Naomie Harris didn’t want to play a crack addict. It wasn’t long ago — and it’s still the case, frankly — that a lot of black actors get stuck playing drug addicts. The English-born actress wanted to avoid that. And she has: She’s played strong female characters going back to “28 Days Later,” through taking on Winnie Mandela in “Mandela: Long Walk to Freedom,” right up to being our current Moneypenny in the Bond films.
So what led to Harris breaking her vow for “Moonlight,” Barry Jenkins’ acclaimed drama, in which she plays Paula, the crack-addicted mother of a shy boy in a low-income Miami neighborhood who we watch, over three segments, grow into a hard, grill’d-up man? Harris said he wanted to avoid stereotypes, especially having been raised by a mother who battled her own addiction. “She wasn’t just a demon, she wasn’t just an addict,” Harris tells us of her character. “The wonderful thing about her is she’s so full of love.”
We talk to Harris, 40, about learning about a subject she knew little about, the beauty in this sometimes brutal film and how it’s also quite funny, too.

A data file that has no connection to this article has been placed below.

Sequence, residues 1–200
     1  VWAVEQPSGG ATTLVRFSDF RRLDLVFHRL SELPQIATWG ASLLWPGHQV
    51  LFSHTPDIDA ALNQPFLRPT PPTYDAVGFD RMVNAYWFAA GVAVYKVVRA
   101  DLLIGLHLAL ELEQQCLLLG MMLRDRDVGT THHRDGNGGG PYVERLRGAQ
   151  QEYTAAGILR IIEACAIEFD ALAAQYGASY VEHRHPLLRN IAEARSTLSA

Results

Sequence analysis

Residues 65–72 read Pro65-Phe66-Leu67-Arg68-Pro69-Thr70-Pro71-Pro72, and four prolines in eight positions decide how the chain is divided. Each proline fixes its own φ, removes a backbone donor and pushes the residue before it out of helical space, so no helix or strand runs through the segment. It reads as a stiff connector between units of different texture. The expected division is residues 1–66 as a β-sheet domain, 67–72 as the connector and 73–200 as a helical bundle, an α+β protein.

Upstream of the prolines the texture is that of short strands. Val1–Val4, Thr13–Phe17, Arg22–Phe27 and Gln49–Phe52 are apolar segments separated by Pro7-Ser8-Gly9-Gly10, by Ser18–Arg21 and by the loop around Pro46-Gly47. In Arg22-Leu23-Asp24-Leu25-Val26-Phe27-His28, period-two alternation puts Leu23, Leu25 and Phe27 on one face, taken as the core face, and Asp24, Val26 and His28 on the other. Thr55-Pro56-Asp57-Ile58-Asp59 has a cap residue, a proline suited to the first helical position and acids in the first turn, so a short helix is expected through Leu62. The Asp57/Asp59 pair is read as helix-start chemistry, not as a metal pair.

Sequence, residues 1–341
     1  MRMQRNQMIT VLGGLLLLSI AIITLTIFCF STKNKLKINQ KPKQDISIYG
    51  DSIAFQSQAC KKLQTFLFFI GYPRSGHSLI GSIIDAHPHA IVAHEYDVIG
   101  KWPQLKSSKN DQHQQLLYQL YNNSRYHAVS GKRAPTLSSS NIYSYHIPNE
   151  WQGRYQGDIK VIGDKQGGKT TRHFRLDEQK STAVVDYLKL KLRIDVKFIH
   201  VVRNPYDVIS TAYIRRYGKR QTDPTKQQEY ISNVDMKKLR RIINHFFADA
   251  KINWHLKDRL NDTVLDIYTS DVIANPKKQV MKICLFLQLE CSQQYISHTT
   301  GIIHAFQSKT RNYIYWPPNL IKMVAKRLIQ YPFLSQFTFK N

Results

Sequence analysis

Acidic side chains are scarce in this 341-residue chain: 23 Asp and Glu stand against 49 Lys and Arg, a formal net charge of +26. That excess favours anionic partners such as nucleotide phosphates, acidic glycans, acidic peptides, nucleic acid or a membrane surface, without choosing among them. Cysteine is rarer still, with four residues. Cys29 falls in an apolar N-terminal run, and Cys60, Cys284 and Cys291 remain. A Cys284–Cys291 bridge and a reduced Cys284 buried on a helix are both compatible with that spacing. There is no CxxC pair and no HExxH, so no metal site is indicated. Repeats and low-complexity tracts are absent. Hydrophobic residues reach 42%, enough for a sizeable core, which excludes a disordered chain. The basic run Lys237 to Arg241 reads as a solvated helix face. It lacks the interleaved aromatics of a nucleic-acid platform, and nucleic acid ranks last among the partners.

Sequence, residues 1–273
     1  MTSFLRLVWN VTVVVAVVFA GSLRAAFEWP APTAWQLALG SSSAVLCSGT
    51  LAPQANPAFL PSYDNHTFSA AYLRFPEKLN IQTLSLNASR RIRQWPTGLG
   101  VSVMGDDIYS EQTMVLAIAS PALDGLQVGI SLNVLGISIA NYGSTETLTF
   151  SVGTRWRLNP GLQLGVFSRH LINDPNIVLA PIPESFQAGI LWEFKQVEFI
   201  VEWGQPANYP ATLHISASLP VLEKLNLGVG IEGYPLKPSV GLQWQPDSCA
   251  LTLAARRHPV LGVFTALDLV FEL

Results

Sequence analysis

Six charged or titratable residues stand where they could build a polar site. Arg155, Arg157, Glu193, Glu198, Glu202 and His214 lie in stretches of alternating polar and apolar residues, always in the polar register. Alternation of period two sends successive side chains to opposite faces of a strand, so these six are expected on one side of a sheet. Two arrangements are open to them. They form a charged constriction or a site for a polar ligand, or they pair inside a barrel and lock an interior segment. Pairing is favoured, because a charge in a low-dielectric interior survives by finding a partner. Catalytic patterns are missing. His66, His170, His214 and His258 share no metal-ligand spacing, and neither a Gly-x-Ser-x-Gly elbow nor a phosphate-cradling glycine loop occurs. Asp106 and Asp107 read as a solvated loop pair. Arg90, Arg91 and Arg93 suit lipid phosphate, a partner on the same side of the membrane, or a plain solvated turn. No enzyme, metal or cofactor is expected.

This is quite a heavy film, but it also has moments of real transcendence. It’s even funny sometimes.
You know what? Last night at our New York premiere, people were laughing left, right and center. That’s the first audience that has laughed that much. I didn’t even realize how many jokes were in the movie. They were finding a lot of [actress] Janelle Monae’s lines really funny. It’s like, ‘Oh yeah, that is pretty funny.’
It’s incredible to think you shot all your scenes, over three separate time periods, over only three days. You had to navigate a lot of ground.
The work was done before. I had a month to prepare, so I did all my research then, all my interviews with people with addictions. YouTube is a minefield for research. I saw some amazing documentary on YouTube about addiction, from the ’80s. It had interviews with crack addicts. Then how I get into character is doing this, what we’re doing: I imagine that I’m being interviewed.
So these junket interviews are actually helpful!
They are! I imagine an interviewer asking, “Where did you grow up? What is your mum like?” And I answer them as though I’m being interviewed in the voice of the character. That way I find a whole narrative behind them. Through that I find their voice. Then it comes alive.
What kinds of things did you invent for Paula’s backstory?
What was tragic was every single story I researched of a woman with crack addiction had some kind of sexual abuse or rape in her history. It was almost like the trauma of that created a split in their personality. There was this public face, where they were holding it all together. Then there was this separate persona that was in deep pain, that was never addressed and never healed. That means they’re always looking for an out, some way to escape from themselves, escape from their pain. That’s why drug addiction, especially crack, is so seductive.